Here’s How Entrepreneurs Can Get Answers From Someone Who’s Been There
How do you take your startup to the next level?
That’s the most important question asked by one entrepreneur to another. It doesn’t matter if it’s your first time starting a company or your 10th, the question rarely changes.
Answers are what we entrepreneurs need. They’re the fuel that gets us from idea to viability, from viability to sustainability, and from sustainability to growth.
The answers you need are out there. Getting to them is the hard part, because before you can ask any question, let alone the most important question, you have to find the time to answer these questions first.
How do you build a network of experienced, knowledgable entrepreneurs?
The answers you can trust are going to come from entrepreneurs who have been in the position you’re in, preferably those who are still going through the struggles you’re going through. The problem is that the entrepreneurs you can trust are hard to reach, and the entrepreneurs you can reach are hard to trust.
How do you formulate the right question for the right entrepreneur?
I’m always surprised that more entrepreneurs don’t reach out to other entrepreneurs for help. When I ask them what their hesitation is, more often than not their response is that they’re not sure what questions they need to be asking.
This is true of first-time entrepreneurs and grizzled veteran entrepreneurs alike. You need an environment where questions and answers can flow freely.
How do you make the time to chase answers down?
The most valuable resource for an entrepreneur isn’t money or connections, it’s time. Taking the time to research who might be able to answer your question, how you get ahold of them, what’s the right messaging to ask for help, and then the whole schedule puzzle. That’s a ton of time spent not building your company.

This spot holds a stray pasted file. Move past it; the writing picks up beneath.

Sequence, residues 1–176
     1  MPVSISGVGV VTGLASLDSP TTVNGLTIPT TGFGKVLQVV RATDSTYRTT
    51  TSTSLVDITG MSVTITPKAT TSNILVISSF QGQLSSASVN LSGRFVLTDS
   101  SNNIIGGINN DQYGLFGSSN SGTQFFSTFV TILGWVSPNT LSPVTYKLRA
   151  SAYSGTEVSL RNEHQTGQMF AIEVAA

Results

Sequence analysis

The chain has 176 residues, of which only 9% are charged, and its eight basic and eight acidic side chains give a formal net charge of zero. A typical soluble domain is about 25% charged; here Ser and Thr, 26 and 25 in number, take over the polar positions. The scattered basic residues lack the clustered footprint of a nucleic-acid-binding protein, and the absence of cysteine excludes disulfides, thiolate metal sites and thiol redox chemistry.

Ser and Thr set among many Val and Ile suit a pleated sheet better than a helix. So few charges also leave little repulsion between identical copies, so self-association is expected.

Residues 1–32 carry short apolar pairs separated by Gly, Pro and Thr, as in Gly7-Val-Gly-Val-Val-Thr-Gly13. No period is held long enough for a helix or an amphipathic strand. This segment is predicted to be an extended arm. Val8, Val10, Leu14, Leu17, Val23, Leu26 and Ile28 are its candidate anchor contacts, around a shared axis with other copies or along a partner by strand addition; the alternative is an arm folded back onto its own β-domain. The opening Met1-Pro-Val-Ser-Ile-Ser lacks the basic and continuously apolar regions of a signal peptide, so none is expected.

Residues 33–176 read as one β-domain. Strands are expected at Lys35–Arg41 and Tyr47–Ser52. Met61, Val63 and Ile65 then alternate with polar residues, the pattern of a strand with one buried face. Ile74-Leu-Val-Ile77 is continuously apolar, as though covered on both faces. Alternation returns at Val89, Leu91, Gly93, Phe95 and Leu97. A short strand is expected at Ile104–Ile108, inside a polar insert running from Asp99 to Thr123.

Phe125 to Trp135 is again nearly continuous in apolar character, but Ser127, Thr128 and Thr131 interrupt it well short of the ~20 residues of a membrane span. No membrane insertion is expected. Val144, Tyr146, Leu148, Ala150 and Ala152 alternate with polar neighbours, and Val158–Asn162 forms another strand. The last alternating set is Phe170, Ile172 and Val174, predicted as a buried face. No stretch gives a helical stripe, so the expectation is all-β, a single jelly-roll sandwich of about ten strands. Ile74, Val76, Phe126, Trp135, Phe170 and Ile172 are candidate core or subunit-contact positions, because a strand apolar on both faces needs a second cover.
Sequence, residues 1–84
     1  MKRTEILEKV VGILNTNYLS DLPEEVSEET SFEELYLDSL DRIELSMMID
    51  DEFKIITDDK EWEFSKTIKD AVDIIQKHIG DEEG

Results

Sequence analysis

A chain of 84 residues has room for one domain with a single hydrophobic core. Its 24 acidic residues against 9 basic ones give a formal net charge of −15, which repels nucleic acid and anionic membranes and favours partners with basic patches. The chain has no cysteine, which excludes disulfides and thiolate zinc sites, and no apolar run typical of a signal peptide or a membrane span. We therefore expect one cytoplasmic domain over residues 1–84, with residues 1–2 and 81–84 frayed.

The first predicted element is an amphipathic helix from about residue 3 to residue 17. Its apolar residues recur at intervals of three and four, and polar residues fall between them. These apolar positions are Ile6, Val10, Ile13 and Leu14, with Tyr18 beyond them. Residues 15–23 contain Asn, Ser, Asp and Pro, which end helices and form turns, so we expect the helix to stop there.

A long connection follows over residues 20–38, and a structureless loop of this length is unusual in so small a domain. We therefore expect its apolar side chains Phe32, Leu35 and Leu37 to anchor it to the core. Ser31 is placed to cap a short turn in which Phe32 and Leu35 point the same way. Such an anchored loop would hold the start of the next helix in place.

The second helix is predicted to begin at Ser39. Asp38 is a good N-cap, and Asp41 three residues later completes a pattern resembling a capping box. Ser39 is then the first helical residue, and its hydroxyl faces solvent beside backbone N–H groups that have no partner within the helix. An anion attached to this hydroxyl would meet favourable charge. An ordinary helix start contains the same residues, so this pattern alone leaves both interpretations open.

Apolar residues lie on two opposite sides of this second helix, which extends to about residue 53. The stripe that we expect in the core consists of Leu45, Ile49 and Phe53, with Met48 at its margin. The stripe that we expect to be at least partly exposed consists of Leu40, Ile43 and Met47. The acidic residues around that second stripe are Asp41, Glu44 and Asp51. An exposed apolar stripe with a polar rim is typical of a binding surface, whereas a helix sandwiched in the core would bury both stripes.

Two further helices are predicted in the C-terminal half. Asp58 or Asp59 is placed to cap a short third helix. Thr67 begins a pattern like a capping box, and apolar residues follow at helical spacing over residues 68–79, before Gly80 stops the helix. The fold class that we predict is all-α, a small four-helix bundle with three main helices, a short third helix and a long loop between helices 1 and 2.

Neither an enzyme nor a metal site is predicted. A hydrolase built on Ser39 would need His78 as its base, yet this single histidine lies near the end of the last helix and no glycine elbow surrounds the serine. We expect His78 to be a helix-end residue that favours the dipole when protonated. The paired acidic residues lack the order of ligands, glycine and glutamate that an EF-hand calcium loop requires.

And if time is scarce on your end, you can only imagine how scarce time is for the person you’re asking for help.
How do you afford real help?
The second most popular answer to why more entrepreneurs don’t ask for more help is that they (probably) can’t afford it.
This is totally understandable. I do a lot of startup advising, and it’s expensive, and not for everyone. I can totally empathize with the concerns that you’re going to spend 25 of your 30 minutes making small talk or explaining every detail of your company and product history for context.
I can tell you, as an advisor, I worry about that too. See the last section about entrepreneurs not knowing the right questions to ask.
All of this is why I founded Teaching Startup
Teaching Startup solves almost all these problems. It’s a product built out of the service of entrepreneurs asking other entrepreneurs questions about how to take their startup the next level.
We’ve got experienced, knowledgable, working entrepreneurs who know how to shape answers and deliver them in a way that helps everyone, not just the person who asked.
They’re versed in ideation and vision, product and build, sales and marketing, operations and structure, and funding and growth.
Tomorrow’s issue has a Q&A with an answer from Mike Evans, cofounder of GrubHub and current founder and CEO of Fixer. That next issue is our 22nd, and we’ve answered close to 100 questions so far.
Join now and you’ll get Mike’s Q&A tomorrow. You can also get up to 30 days free and access to all the questions and answers we’ve tackled. Use promo code EXPERTS and get your first month after trial for just $5. It’s only $10 a month after that.
It isn’t what you’re used to and it isn’t what you might imagine, but it works. You’ll get answers, on your time, for about 3% of the cost of a formal advisor session.